Have you bought an apartment as an investment and now want to rent it out? Choosing quality tenant is key for success. Let’s see how you can screen tenants.
The activities of many real estate investors end in a fiasco, mainly because they cannot select quality tenants.
What problems can occur?
The worst tenants can give you sleepless nights and cause significant damage. For example, this might happen:
- They stop paying you rent, but at the same time they refuse to move out of the apartment. Moving out a non-paying tenant is not as easy as it may seem at first glance. The tenant is protected by the Czech Civil Code.
- They may damage your apartment and refuse to compensate you. Proving that your tenant caused the damage is often difficult and sometimes you have no choice but to write it off.
- Some tenants do not know how to behave as residents, which can lead to complaints from the neighbours. Most often, these are problems associated with being too loud at night, too much clutter in communal spaces, or problems caused by pets, such as excrement or constant barking.
That’s why it’s important to learn to how prevent problems from starting, as you don’t have to face them if you choose your tenants carefully.
You can do this by following my advice.
Don’t underestimate your choices
The biggest problems with tenants start when you choose the wrong ones.
Preventing problems is much easier than solving them.
I dare say that 80-90% of issues with tenants occur because property owners have chosen the wrong people.
Therefore, conduct thorough checks on all potential rentors.
Most landlords do not do this at all. They often choose tenants only according to gut instinct, perhaps asking some passing questions about their occupation, family circumstances, and the reason they are looking to rent. The examination typically ends there.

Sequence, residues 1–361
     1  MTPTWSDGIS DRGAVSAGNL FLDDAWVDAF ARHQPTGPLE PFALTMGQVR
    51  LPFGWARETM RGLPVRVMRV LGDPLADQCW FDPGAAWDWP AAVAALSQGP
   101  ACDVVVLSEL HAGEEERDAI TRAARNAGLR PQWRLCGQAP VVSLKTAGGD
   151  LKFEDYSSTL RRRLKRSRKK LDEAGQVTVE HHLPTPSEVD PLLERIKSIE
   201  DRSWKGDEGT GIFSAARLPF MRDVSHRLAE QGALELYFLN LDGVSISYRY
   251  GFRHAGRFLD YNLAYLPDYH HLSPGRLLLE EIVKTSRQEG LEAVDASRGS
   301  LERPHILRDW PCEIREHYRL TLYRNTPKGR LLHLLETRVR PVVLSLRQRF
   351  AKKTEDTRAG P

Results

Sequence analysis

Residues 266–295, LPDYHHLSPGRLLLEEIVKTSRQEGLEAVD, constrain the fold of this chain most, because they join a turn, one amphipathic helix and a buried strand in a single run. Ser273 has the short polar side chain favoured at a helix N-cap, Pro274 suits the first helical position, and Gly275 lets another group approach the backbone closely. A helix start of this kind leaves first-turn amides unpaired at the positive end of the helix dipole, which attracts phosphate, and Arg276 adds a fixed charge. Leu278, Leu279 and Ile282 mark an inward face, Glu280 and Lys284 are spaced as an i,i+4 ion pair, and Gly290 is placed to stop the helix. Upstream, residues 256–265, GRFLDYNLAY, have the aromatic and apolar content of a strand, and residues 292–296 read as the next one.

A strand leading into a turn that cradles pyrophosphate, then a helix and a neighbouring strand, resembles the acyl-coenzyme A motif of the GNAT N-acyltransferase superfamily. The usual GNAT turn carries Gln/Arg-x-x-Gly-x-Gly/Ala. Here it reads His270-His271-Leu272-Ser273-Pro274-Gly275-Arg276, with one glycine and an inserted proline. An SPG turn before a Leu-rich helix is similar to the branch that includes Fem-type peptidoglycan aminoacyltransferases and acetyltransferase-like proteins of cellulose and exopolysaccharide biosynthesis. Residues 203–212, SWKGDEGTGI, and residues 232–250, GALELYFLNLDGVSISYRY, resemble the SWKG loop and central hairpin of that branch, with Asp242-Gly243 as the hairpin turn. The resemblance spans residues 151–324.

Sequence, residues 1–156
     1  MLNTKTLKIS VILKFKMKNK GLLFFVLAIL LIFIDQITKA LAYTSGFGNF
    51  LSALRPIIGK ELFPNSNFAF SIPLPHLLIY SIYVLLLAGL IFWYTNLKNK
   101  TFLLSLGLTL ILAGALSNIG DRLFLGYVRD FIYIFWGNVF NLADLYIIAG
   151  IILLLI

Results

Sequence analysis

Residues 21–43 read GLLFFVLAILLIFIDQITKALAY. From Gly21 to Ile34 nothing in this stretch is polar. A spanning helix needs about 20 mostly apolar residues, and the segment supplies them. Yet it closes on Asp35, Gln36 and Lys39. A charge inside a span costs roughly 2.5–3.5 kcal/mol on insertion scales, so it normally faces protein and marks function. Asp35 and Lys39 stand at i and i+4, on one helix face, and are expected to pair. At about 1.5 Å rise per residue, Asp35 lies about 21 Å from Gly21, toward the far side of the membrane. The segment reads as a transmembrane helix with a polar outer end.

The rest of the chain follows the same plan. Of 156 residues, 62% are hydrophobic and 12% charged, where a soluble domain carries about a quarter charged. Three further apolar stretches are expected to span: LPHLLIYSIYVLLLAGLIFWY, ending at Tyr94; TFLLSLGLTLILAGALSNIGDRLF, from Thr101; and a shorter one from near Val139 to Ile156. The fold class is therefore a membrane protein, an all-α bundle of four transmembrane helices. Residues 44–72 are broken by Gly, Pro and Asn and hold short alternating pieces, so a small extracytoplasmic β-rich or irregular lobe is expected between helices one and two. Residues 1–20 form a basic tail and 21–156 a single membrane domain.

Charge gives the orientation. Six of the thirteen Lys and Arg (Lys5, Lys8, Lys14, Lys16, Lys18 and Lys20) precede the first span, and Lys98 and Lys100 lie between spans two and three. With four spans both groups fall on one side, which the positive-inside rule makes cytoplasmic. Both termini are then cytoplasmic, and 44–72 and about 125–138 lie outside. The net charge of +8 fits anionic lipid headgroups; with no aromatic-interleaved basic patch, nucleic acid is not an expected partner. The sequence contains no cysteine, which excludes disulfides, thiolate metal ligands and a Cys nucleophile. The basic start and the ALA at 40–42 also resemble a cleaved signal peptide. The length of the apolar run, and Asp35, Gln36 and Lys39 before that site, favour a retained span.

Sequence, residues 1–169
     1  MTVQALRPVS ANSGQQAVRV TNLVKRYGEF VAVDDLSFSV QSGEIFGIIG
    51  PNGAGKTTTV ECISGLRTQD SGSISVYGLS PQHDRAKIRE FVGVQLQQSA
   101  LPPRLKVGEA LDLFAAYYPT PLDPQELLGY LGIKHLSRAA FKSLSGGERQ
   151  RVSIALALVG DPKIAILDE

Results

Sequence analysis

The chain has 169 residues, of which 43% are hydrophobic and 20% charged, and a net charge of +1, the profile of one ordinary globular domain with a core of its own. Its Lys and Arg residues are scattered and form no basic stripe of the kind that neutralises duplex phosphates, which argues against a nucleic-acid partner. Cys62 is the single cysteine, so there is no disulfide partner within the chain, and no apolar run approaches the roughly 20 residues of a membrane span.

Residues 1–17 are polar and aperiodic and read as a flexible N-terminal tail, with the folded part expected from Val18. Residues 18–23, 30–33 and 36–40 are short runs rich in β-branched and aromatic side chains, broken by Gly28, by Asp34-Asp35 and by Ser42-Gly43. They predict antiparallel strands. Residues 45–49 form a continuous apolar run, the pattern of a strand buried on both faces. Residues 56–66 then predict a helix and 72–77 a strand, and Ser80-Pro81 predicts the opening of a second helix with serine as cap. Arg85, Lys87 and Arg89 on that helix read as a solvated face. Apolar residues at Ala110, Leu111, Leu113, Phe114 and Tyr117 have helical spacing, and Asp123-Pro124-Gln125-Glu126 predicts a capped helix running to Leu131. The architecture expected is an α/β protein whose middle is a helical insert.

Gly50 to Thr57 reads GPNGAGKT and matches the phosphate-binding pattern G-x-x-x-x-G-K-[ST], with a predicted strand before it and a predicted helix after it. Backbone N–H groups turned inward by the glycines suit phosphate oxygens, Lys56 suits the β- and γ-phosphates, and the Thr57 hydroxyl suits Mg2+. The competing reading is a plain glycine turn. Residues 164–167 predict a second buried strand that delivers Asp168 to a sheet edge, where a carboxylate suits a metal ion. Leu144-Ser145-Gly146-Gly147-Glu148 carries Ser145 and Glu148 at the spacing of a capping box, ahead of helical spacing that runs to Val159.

How to check a tenant’s quality
Even the most problematic tenants try to appear in the best light before signing the lease and many owners are deceived by these first impressions. But what you should check for?
1. Look in the various state registers
The Insolvency Register
Check if the candidates are insolvent. You can find out from the insolvency register at Justice.cz. The information here is free.
The Register of Bankruptcy
You can find out whether the applicant has declared bankruptcy from the central register of the Executors’ Chamber at Ceecr.cz. One extract from the register will cost you 60 Czk.
The Solus Registry
Solus is an association of legal entities, which brings together major service providers such as telephone companies, banking and financial institutions, insurance companies, energy providers, etc. Solus.cz operates the Nejsemdluznik.cz service, through which those interested in renting can request an extract from the register. Thanks to this, you will find out if your potential tenant has any outstanding debts. The applicant must apply for the statement themselves, you as a landlord cannot do it for them. However, you can write a statement request together. For the price of 200 Czk, the applicant will receive not only an extract from the register, but also an extract from the central register of executions and the insolvency register.
2. Check their online footprint
See what digital trail the applicant is leaving behind. Enter their name in Google, Facebook, and Linkedin and you may learn something interesting.